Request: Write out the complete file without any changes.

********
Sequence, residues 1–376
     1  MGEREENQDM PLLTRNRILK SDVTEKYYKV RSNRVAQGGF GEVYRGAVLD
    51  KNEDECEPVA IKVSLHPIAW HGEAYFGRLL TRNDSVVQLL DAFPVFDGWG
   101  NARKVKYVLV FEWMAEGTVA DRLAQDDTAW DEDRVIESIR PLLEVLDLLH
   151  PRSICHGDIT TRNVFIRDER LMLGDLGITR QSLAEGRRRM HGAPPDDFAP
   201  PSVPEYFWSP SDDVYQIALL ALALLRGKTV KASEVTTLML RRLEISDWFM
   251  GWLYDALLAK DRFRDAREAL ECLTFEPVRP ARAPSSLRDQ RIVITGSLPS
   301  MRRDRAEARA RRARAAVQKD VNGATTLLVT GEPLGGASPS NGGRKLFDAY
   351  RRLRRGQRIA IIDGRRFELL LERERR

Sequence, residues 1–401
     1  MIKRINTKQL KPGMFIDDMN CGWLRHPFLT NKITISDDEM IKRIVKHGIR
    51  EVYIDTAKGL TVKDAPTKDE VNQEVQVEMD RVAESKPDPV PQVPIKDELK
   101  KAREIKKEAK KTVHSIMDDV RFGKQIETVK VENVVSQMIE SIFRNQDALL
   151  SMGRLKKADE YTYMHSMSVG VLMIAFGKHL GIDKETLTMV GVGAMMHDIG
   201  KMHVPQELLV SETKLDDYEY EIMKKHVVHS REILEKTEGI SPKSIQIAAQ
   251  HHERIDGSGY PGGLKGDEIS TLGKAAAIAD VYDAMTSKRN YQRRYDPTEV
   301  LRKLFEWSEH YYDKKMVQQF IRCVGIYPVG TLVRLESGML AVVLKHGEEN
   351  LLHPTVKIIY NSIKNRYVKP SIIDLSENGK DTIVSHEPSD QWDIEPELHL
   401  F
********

Sequence, residues 1–376
     1  MGEREENQDM PLLTRNRILK SDVTEKYYKV RSNRVAQGGF GEVYRGAVLD
    51  KNEDECEPVA IKVSLHPIAW HGEAYFGRLL TRNDSVVQLL DAFPVFDGWG
   101  NARKVKYVLV FEWMAEGTVA DRLAQDDTAW DEDRVIESIR PLLEVLDLLH
   151  PRSICHGDIT TRNVFIRDER LMLGDLGITR QSLAEGRRRM HGAPPDDFAP
   201  PSVPEYFWSP SDDVYQIALL ALALLRGKTV KASEVTTLML RRLEISDWFM
   251  GWLYDALLAK DRFRDAREAL ECLTFEPVRP ARAPSSLRDQ RIVITGSLPS
   301  MRRDRAEARA RRARAAVQKD VNGATTLLVT GEPLGGASPS NGGRKLFDAY
   351  RRLRRGQRIA IIDGRRFELL LERERR

Sequence, residues 1–401
     1  MIKRINTKQL KPGMFIDDMN CGWLRHPFLT NKITISDDEM IKRIVKHGIR
    51  EVYIDTAKGL TVKDAPTKDE VNQEVQVEMD RVAESKPDPV PQVPIKDELK
   101  KAREIKKEAK KTVHSIMDDV RFGKQIETVK VENVVSQMIE SIFRNQDALL
   151  SMGRLKKADE YTYMHSMSVG VLMIAFGKHL GIDKETLTMV GVGAMMHDIG
   201  KMHVPQELLV SETKLDDYEY EIMKKHVVHS REILEKTEGI SPKSIQIAAQ
   251  HHERIDGSGY PGGLKGDEIS TLGKAAAIAD VYDAMTSKRN YQRRYDPTEV
   301  LRKLFEWSEH YYDKKMVQQF IRCVGIYPVG TLVRLESGML AVVLKHGEEN
   351  LLHPTVKIIY NSIKNRYVKP SIIDLSENGK DTIVSHEPSD QWDIEPELHL
   401  F